1 mango, peeled, pitted, and diced 1 bunch cilantro, finely chopped 1/2 tsp red-pepper flakes 1/4 cup olive oil 2 Tbsp lime juice Salt and pepper, to taste 2 lbs skin-on salmon fillet


Stir together mango, cilantro, red-pepper flakes, oil, and lime juice; season with salt and pepper.

Heat a grill or grill pan to medium-high. Clean and lightly oil hot grill. Season salmon with salt and pepper and lightly brush with oil. Grill, skin side up, until salmon begins to turn opaque, 4 to 6 minutes. Flip and cook until opaque throughout, 4 to 6 minutes. Once cooked, spoon chimichurri over top, and serve.

Yield: 6 servings (5 ounces salmon + ~1/3 cup chimichurri)

Nutrition Information (per serving): 374 calories; 22.5 g. fat; 93 mg. cholesterol; 172 mg. sodium; 6.5 g. carbohydrate; 0.83 g. fiber; 32.3 g. protein

Result: Summer meets salmon! This was my first chimichurri attempt and it was beyond simple. Fresh fruit + herb and oil…sign me up any day, especially when severed over a piece of flaky, grilled wild salmon chock full of omega 3 fatty acids. This meal is whole some and pairs well with nearly any side. This comes together in about 15-20 minutes and makes for a perfect weeknight meal with loads of flavor. Enjoy!


Weekly Menu: July 14th – 19th

Other than grocery shopping and playing my first hockey game in MI, I’m not sure what’s on the agenda! In case you missed the Facebook update, Lily can swim…and there’s a cute photo of her in her life jacket!

Be well,


My house is starting to feel like a home. Mr. Prevention worked all day yesterday and I managed to unpack 60-70% of the boxes on my own. Here’s some shots of the…mayhem.






 Let’s get on with the Q&A…just looking at those pictures is making me exhausted and stressed!

Cheryl: While at the health food store picking up some Satiereal Saffron Extract (Dr. Oz’s suggestion for natural appetite suppressant), I asked the owner if there was anything to supplement thyroid medication.  She suggested cold pressed, extra-virgin, coconut oil, 1 tsp 3x per day.  Told me that it helps with memory, cholesterol, weight loss, and some other things.  My concern is the calories.  She said when it is taken as a supplement, calories aren’t counted because it contains MLTs(?).  Is this true?  The label said 1 tsp is 125 calories.  She has customer’s that take it for energy and other benefits that have also lost weight.

Prevention RD: Hi Ceryl! :) I think she’s referring to medium-chain trigycerides (MCT’s) which is the main type of fat in coconut oil and why it is being touted as a “healthier” oil. While MCT’s are metabolized differently (check out this post for more info on that), the calories very much so still “count”. In fact, in a clinical setting, some patients are given MCT’s for quick energy (calories) and to assist in weight GAIN. Three teaspoons (1 tablespoon) is typically 120 calories. Certainly people can lose weight any number of ways – it all boils down to calories. As for the calories not “counting” – false! :)


Nicole O.: Please explain the difference between and allergy and an intolerance. I have been having issues with this because I believe an allergy can be detected with a blood test, correct? But, what about an intolerance? Would an allergy have more severe reactions and an intolerance may not? Is an allergy inherited and an intolerance may just upset the system? Help! with the “gluten intolerance” craze sweeping the nation, I need to know. Also, some people with a lactose intolerance can tolerate soft serve or yogurt, but not ice cream…and so on…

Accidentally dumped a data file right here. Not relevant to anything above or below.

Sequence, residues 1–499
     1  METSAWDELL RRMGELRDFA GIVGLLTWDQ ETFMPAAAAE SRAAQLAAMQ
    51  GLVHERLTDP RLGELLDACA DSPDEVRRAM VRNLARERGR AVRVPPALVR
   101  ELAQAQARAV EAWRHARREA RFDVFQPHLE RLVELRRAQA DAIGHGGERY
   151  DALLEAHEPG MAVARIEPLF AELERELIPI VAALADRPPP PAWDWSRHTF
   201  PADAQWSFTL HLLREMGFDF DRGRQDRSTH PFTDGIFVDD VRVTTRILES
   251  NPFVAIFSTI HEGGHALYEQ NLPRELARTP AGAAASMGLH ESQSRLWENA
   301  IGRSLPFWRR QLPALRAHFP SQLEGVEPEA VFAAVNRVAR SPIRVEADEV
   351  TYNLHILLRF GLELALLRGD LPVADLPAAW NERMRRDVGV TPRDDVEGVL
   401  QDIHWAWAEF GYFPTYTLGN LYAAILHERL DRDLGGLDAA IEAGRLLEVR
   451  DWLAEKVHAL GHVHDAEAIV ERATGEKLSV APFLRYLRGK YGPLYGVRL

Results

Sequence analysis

Gina, RD: I’d love to hear your opinion about; What is “too little” calories? And when do you go in “starvation” mode? I have an answer I like to give, but I’d love to hear your thoughts and what you’ve read. So many people seem to think that even if they are overweight they can eat too few calories and then they will burn muscle…I’d love to hear your thoughts.


Heather of Southern Pink Lemonade: Could you describe the benefits/differences of palm/coconut sugar vs. white granulated sugar?

Prevention RD: Coconut sugar is getting famous for its low(er) glycemic index, meaning the energy (calories) are absorbed more slowly and the body does not see the quick spike in blood sugar that it may from other sugars (this spike can cause anything from fatigue to hunger). While this sounds positive, the glycemic index (GI) is not a very well-respected measurement for nutrition. What I love about coocnut sugar is that it has 1/3 less calories (30 calories/tablespoon vs. cane sugar’s 45 calories) and 7 grams of sugar per tablespoon vs. cane sugar’s 12 grams. In short, it’s lower carbohydrate. That said, recipes may call for more to offer up adequate “sweetness” and the reduced sugar content is then irrelevant. Coconut sugar is VERY expensive and in my very limited experience, does not “act” like sugar in baking. In short, it may offer a nutritional edge, but the cost, availability, and benefit may not make it worth the c0mmotion.


Chrissy of Stick a Fork in It: What are your thoughts on flax seed, and what is the best form to consume it (whole, ground or oil)?

Prevention RD: I’m glad you asked! Whole flaxseed are NOT digested and therefore, no nutritional benefit is gained. Flaxseeds must be ground or their oil extracted to yield the nutrition. Flaxseed oil is expensive, so I usually opt for the ground seeds, but both are nutrition powerhouses and packed with omega 3 fatty acids. I love to use flaxseed oil in salad dressings and is there anything better than a warm flaxseed muffin with some dried fruit? Yum!


That’s it for today. As always, please feel free to pass along your questions on the Prevention RD Facebook page, as a comment below, or via email at preventionrd at gmail dot com! Thanks for all the great questions! :-D

I have to run up to the hospital for my TB test and then it’s on to unpacking some  more. The family comes tomorrow…gotta be ready!

Thanks for all the birthday wishes. Love you all to pieces! xo!

Be well,